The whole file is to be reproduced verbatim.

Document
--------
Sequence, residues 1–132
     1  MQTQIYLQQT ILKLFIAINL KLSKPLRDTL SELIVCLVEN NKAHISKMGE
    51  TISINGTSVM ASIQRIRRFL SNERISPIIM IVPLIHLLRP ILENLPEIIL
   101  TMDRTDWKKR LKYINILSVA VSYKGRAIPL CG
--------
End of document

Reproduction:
Sequence, residues 1–132
     1  MQTQIYLQQT ILKLFIAINL KLSKPLRDTL SELIVCLVEN NKAHISKMGE
    51  TISINGTSVM ASIQRIRRFL SNERISPIIM IVPLIHLLRP ILENLPEIIL
   101  TMDRTDWKKR LKYINILSVA VSYKGRAIPL CG